5. Hi. I am the the book's author (not the translator, so I apologize for bad English). I think you misunderstood the title. It does not mean that we overcame it, only that we could overcome it in the future. And my book is not a prediction either, but rather a political proposal.

  6. Federico,

    it's an interesting approach to present a manifesto as a "Future history". It reminds me of "The rise of the meritocracy" by Michael Young. But the apparently utopian future Young projected his historian into was actually a distopia. So my first question to you is this: in this Brave New World that you envisage (and surely as this is "a political proposal" you have a vision for the future, perhaps like Huxley's), do you remember the diversity of human impulses? Because in many visions of the future, humanity is considered to be homogeneous, or at least made up of a few categories (workers/landowners/capitalist; intelligent/dullart; lazy/industrious etc.). On average individuals might fit these sterotypes, but the reality of social interaction is much more messy: the product of the average is not the same as the average of the product!

    My second question is perhaps what the whole book is about. How do you get to the "long term"? I'm reminded of what John Maynard Keynes said about the long run: "This long run is a misleading guide to current affairs. In the long run we are all dead. Economists set themselves too easy, too useless a task if in tempestuous seasons they can only tell us that when the storm is long past the ocean is flat again."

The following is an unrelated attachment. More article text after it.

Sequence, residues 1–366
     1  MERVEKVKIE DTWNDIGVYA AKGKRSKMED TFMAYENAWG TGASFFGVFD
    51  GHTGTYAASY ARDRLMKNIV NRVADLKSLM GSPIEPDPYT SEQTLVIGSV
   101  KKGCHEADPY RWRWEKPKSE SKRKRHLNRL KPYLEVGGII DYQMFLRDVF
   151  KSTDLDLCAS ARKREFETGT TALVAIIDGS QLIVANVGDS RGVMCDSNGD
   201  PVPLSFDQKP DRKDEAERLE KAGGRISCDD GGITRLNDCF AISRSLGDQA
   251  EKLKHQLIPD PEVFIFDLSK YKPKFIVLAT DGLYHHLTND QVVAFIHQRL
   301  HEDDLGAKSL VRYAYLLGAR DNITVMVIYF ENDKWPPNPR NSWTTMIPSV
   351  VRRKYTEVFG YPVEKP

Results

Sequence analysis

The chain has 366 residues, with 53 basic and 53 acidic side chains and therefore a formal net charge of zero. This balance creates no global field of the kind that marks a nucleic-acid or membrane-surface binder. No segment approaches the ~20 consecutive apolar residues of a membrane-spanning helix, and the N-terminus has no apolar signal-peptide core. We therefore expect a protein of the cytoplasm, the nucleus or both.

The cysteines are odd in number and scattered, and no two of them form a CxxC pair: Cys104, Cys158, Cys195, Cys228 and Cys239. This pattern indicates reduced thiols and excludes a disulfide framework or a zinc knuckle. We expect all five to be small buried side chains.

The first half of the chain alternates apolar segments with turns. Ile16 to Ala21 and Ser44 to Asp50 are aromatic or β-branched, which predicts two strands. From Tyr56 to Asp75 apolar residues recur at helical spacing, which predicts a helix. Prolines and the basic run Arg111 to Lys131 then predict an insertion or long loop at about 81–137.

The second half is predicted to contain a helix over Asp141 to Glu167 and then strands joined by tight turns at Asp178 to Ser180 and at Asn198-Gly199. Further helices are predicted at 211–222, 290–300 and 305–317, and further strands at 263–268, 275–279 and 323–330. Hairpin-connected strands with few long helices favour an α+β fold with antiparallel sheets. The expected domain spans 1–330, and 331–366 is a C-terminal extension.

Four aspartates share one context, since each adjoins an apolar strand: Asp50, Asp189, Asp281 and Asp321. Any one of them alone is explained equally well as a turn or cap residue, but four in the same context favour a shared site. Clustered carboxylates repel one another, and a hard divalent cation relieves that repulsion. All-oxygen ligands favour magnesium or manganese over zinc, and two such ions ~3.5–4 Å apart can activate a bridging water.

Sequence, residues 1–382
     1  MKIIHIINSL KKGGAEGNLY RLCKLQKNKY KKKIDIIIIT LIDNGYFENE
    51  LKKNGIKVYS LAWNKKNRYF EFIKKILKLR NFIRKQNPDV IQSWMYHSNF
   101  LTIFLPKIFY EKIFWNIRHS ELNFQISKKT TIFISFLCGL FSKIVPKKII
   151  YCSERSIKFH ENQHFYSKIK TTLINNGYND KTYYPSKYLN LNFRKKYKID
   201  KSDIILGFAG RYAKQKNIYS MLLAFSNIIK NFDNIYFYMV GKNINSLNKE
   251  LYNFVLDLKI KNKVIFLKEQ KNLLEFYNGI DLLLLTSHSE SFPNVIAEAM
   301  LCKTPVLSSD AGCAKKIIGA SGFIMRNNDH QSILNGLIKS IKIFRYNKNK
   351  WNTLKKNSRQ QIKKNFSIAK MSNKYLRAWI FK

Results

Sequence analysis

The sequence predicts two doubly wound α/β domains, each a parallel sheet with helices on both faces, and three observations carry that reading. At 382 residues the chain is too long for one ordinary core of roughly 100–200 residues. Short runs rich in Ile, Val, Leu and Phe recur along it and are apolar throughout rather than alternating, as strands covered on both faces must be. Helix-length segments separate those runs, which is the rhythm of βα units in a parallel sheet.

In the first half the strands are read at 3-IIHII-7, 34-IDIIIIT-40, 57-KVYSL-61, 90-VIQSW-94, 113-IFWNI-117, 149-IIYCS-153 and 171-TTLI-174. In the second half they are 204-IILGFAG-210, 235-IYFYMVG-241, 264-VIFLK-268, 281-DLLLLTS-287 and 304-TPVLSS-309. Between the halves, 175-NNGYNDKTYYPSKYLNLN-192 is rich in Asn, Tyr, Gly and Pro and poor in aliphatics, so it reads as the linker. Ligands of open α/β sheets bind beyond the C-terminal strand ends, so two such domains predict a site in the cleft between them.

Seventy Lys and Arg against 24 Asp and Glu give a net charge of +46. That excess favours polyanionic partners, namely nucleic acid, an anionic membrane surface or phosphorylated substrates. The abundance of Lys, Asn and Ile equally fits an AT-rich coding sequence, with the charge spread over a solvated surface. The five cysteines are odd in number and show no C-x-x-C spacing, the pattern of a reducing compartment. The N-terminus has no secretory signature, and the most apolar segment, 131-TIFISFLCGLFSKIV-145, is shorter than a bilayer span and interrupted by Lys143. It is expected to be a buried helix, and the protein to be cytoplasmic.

So these two things together mean, imho, that if you cannot decompose the path to the long run into short term actions that the majority of people will *want* to take, it is all for nought.

    I'll look out for your book - perhaps you have the answers :)

    1. Hi Craig, thank you for your comment! I will try to answer your two questions as well as I can.

      1. Given that my main academic background is in economic Sociology and political philosophy, I sometimes have the opposite problem: I tend to overcomplicate reality, and miss the forest for the tree. In this book I believe I achieved a good balance between the need to account for individual human impulses and the analytical approach that any serious political, social and economic proposal requires.

      2. The book's main focus is on the path that links our present to the prosperous future I envisage. I want to stress that this is a political proposal and NOT a prediction. It is certainly a future within our grasp, but not an inevitable one. If we don't act quickly, it might even become an impossible future.